Here at Cosmic Variance we’re not nearly as prolific as Ed (there are only seven of us, and one of him), but the idea of a year-end wrap-up is a good one. I.e., it seems to create content in the slow intra-holiday period, without actually coming up with anything new. So here are some of my own favorite posts from the last year, with a few guest posts thrown in for good measure.
- We made it four days into the year before discussing science and religion. I started off by arguing that atheists don’t need to be obnoxious to strongly defend their beliefs, in Being Polite and Being Right. On the flip side, in The Truth Still Matters, I suggested that organizations like the NCSE and NAS should stay away from offering theological advice and arguing that science and religion are compatible. But I tried not to be obnoxious while doing so.
- I took some issue with James Cameron’s Avatar in Black and White and Blue All Over. Still patting myself on the back for that title, but I think come off as too harsh in the post itself. This might be because I subsequently saw Cameron on a panel at Caltech about the science of Avatar, and he was fantastic. Anyone who is that committed to and knowledgeable about their material deserves some slack.
- Time Travel in Lost: The Metaphorics of Predestination. I loved Lost, although I was one of the many who felt let down by the finale. There’s still room out there for a time-travel/alternate-reality story that really grapples with the issues of predestination.
- It took us until late February, but finally a pure-science post that I really liked: Energy is Not Conserved. Actually even this turns out to be more about language than about physics, but there’s some good physics lurking underneath.
- In Free Energy and the Meaning of Life I strayed way outside my expertise, hopefully without screwing things up too badly. The underlying issues are fascinating but controversial even among experts.
- A behind-the-scenes look at the news show with the best science coverage out there, in Report from Colbert.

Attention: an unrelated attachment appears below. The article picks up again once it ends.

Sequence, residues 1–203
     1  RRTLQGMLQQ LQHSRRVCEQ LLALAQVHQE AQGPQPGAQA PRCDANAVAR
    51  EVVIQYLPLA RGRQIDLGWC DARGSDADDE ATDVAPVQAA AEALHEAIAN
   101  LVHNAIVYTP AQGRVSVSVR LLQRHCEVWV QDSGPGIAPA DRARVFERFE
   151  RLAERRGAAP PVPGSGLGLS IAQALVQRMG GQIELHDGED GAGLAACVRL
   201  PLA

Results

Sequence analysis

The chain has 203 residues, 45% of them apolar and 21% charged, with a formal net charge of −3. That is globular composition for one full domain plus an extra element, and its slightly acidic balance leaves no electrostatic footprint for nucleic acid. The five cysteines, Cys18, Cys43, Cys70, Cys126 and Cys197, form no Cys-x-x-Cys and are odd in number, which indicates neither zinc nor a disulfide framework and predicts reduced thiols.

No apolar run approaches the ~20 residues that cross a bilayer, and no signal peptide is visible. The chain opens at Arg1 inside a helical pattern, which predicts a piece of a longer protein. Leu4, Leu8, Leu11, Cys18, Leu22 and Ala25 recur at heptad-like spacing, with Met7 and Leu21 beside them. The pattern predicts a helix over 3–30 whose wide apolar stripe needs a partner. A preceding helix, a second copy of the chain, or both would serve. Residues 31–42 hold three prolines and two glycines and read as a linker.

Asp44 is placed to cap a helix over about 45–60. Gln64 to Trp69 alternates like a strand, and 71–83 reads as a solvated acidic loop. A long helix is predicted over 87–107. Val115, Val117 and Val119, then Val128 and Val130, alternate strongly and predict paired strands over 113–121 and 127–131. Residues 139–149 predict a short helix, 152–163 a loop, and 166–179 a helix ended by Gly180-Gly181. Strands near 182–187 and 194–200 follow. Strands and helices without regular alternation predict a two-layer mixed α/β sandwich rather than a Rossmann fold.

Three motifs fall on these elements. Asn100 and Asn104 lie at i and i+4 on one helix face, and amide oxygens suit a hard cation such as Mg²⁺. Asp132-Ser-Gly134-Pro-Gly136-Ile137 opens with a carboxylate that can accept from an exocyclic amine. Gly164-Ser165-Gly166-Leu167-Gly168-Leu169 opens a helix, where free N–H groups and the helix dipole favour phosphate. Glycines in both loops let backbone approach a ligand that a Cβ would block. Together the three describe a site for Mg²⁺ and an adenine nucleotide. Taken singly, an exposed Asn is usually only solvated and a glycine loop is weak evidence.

- Sam Harris and I got into a scuffle about deriving ought from is, leading to three posts: The Moral Equivalent of the Parallel Postulate, Sam Harris Responds, and You Can’t Derive Ought From Is. There are a lot of good things in Sam’s new book, and it’s a shame that he detracts from the interesting parts of his discussion by leading off with an unnecessary philosophical mistake.
- A nostalgic look at my undergraduate research, and some amazing cutting-edge new data, in My Favorite Star. (Interestingly, there is not strong evidence for a mid-eclipse brightening in the most recent data, contrary to what I would have expected. Evolution within the disk filled the central hole?)
- In case you’ve been wondering, The Universe Is Not a Black Hole.
- A foray into (fairly simple) math in Non-Normalizable Probability Measures for Fun and Profit.
- I recount a trip to the Linda Hall Library in A Shrine to Science on the Missouri River.
- We know the basic laws of physics governing how the everyday world works. An extremely impressive accomplishment, but not something that should count as a controversial claim; personally, I think it should be taught in junior-high physics classes. But it took three posts to lay it all out, not without some redundancy: The Laws Underlying the Physics of Everyday Life Are Completely Understood; Seriously, The Laws Underlying the Physics of Everyday Life Are Completely Understood; and One Last Stab. Some of the ramifications of this fact for our wider public discourse were discussed in Reluctance to Let Go.
- As an experiment I made a video to relate that Stephen Hawking Settles the God Question Once and For All. Response seemed to be largely positive, and I still hope to do more videos (with slightly higher production values), but it does take a bit of work.
- The Fine Structure Constant is Probably Constant. Explaining some of the theoretical prejudices that make physicists more skeptical of some claims than others.
- Is Dark Matter Supernatural? No, of course not. But it’s a good example to keep in mind when discussing what questions science can address.
- Picking up the theme of taking on famous movie directors, I had a skeptical take on J.J. Abrams’ TED talk in A Mystery Box Full of Red Matter.
- In our annual Thanksgiving post, we offered gratitude for the effectiveness of effective field theory. Kind of an obvious choice, I’ll admit.
- While my intent was to stick just to my own posts, I can’t resist pointing to two guest posts: our recent one by Matt Johnson on Observing the Multiverse, and Eugene Lim’s summer entry on Calculus in Haiti. Thanks to all of our guest bloggers for adding new dimensions (as it were) to our discussions.
If I were a braver person, I’d do a corresponding list of my worst blog posts of the year. And if my grandmother had wheels, she’d be a trolley.
Happy New Year, everyone.